“Oh, no, no!” said the prince at last, “that was not what I was going to say--oh no! I don’t think you would ever have been like Osterman.”
“Last week? In the night? Have you gone cracked, my good friend?”
Colia had made it up with the prince before his father’s death, and it was he who urged him to make use of Keller and Burdovsky, promising to answer himself for the former’s behaviour. Nina Alexandrovna and Lebedeff tried to persuade him to have the wedding in St. Petersburg, instead of in the public fashion contemplated, down here at Pavlofsk in the height of the season. But the prince only said that Nastasia Philipovna desired to have it so, though he saw well enough what prompted their arguments.
“You wouldn’t believe,” he concluded, “how irritating they all are there. They are such wretchedly small, vain, egotistical, _commonplace_ people! Would you believe it, they invited me there under the express condition that I should die quickly, and they are all as wild as possible with me for not having died yet, and for being, on the contrary, a good deal better! Isn’t it a comedy? I don’t mind betting that you don’t believe me!”
“Oh no! Certainly not! ‘I am free,’ she says; you know how she insists on that point. ‘I am entirely free.’ She repeats it over and over again. She is living in Petersburgskaia, with my sister-in-law, as I told you in my letter.”
“Very likely, extremely likely, and you must be a very close observer to detect the fact that perhaps I did not intend to come up to _you_ at all.”
“I, like everyone else,” began the general, “have committed certain not altogether graceful actions, so to speak, during the course of my life. But the strangest thing of all in my case is, that I should consider the little anecdote which I am now about to give you as a confession of the worst of my ‘bad actions.’ It is thirty-five years since it all happened, and yet I cannot to this very day recall the circumstances without, as it were, a sudden pang at the heart.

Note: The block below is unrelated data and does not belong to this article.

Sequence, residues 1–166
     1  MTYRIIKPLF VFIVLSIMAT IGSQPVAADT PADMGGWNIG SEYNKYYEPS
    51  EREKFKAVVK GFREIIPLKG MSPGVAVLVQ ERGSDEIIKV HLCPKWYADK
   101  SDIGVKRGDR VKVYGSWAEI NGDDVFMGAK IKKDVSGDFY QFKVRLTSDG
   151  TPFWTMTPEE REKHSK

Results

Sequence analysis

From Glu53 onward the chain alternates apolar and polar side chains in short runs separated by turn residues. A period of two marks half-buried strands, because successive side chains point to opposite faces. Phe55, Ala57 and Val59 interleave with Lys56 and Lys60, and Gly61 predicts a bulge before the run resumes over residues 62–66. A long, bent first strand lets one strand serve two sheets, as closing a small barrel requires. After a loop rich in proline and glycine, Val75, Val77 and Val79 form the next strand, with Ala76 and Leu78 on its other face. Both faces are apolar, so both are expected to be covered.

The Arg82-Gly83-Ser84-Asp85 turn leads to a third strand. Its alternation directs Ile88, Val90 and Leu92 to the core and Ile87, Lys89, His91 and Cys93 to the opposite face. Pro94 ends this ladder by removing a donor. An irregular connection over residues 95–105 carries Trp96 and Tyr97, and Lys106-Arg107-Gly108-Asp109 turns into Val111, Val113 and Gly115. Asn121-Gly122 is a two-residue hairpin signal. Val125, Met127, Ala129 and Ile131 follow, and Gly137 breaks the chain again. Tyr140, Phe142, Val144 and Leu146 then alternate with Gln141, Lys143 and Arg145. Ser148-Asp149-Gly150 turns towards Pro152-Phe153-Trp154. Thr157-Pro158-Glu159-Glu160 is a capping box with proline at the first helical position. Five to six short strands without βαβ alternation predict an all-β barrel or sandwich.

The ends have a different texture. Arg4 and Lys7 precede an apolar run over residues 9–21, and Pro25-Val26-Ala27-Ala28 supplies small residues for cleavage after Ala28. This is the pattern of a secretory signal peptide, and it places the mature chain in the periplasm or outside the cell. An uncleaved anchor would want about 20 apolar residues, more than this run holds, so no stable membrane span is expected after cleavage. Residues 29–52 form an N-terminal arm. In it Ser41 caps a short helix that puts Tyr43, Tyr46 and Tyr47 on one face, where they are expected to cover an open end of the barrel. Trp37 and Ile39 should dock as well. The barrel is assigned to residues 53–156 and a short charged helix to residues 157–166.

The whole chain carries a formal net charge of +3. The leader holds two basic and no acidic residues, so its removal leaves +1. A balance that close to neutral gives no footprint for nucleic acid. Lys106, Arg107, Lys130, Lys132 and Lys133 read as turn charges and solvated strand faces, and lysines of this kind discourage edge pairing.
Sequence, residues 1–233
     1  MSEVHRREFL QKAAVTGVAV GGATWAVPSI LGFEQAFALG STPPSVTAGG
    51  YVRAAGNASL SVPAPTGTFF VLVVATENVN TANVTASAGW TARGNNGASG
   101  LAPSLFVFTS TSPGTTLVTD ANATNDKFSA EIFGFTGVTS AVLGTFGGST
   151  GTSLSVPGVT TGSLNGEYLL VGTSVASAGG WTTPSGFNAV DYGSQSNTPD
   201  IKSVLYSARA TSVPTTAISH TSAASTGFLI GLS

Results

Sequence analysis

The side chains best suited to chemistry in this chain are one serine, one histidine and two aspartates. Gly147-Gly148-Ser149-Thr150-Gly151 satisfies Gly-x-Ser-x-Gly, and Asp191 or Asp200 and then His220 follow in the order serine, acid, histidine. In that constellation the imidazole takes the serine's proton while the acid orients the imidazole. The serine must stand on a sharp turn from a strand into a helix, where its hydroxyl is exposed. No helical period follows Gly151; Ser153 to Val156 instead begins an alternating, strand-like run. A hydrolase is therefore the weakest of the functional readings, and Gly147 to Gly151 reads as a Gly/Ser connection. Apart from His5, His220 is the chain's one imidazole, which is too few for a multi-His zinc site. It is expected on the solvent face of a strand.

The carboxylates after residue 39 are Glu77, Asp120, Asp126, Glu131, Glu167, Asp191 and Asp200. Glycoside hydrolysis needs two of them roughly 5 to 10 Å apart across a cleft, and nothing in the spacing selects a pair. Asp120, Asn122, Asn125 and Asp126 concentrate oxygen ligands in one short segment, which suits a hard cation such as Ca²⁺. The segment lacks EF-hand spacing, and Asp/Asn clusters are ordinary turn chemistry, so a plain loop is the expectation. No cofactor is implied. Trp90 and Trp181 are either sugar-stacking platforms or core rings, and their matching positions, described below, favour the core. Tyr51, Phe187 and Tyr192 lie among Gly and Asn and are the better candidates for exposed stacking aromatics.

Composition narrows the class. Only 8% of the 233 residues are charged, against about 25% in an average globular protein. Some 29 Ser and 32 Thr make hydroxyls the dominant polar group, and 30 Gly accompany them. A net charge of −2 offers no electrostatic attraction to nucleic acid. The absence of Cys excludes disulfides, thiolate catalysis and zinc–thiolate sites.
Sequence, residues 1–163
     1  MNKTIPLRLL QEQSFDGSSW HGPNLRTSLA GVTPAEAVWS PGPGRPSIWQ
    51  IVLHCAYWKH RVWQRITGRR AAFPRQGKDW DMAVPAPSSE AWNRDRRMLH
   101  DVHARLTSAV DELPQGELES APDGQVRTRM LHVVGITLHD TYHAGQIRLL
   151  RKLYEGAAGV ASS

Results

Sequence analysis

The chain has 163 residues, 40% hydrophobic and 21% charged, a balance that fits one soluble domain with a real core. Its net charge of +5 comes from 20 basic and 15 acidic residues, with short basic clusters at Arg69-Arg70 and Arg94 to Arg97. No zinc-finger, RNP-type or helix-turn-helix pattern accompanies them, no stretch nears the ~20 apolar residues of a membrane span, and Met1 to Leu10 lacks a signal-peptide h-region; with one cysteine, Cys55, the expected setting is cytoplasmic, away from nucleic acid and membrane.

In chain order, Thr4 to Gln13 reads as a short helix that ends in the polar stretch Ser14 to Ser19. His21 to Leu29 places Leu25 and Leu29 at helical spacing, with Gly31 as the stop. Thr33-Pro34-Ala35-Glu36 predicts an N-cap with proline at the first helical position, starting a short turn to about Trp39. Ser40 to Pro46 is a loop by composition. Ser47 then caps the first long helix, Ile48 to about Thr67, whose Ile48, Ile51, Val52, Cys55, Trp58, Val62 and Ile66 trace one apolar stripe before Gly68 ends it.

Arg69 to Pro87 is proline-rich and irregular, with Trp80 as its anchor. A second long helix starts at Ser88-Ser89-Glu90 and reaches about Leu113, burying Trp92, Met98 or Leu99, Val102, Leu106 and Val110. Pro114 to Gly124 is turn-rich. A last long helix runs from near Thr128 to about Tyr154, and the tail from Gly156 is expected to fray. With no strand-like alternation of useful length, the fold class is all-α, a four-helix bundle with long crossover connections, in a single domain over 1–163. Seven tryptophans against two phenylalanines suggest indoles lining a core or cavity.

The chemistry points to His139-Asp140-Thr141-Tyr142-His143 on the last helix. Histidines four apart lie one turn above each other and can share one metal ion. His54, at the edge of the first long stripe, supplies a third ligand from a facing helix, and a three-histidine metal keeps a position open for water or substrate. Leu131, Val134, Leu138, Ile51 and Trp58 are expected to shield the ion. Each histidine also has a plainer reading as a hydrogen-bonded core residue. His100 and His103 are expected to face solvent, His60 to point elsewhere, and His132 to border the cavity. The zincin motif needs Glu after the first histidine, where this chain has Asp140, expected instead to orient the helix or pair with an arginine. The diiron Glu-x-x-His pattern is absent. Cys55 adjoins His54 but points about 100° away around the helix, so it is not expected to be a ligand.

“Tomorrow morning, I shall be at the green bench in the park at seven, and shall wait there for you. I have made up my mind to speak to you about a most important matter which closely concerns yourself.

“God forbid that he should share your ideas, Ivan Fedorovitch!” his wife flashed back. “Or that he should be as gross and churlish as you!” “Marie was very gentle to her mother, and nursed her, and did everything for her; but the old woman accepted all her services without a word and never showed her the slightest kindness. Marie bore all this; and I could see when I got to know her that she thought it quite right and fitting, considering herself the lowest and meanest of creatures.

“If this ‘Explanation’ gets into anybody’s hands, and they have patience to read it through, they may consider me a madman, or a schoolboy, or, more likely, a man condemned to die, who thought it only natural to conclude that all men, excepting himself, esteem life far too lightly, live it far too carelessly and lazily, and are, therefore, one and all, unworthy of it. Well, I affirm that my reader is wrong again, for my convictions have nothing to do with my sentence of death. Ask them, ask any one of them, or all of them, what they mean by happiness! Oh, you may be perfectly sure that if Columbus was happy, it was not after he had discovered America, but when he was discovering it! You may be quite sure that he reached the culminating point of his happiness three days before he saw the New World with his actual eyes, when his mutinous sailors wanted to tack about, and return to Europe! What did the New World matter after all? Columbus had hardly seen it when he died, and in reality he was entirely ignorant of what he had discovered. The important thing is life--life and nothing else! What is any ‘discovery’ whatever compared with the incessant, eternal discovery of life?

“What I am really alarmed about, though,” he said, “is Aglaya Ivanovna. Rogojin knows how you love her. Love for love. You took Nastasia Philipovna from him. He will murder Aglaya Ivanovna; for though she is not yours, of course, now, still such an act would pain you,--wouldn’t it?”

“Yes, it’s a droll situation; I really don’t know what advice to give you,” replied Evgenie, laughing. Hippolyte gazed steadfastly at him, but said nothing. To look at him one might have supposed that he was unconscious at intervals.
“Oh, is that all?” he said at last. “Then I--”
The trip abroad might have been enjoyed later on by Mrs. Epanchin and her two remaining daughters, but for another circumstance.
“How did you know who I was? Where had you seen me before? And why were you so struck dumb at the sight of me? What was there so overwhelming about me?”

The prince thought, too, that he looked vexed and annoyed, and not nearly so friendly towards himself as he had been earlier in the night.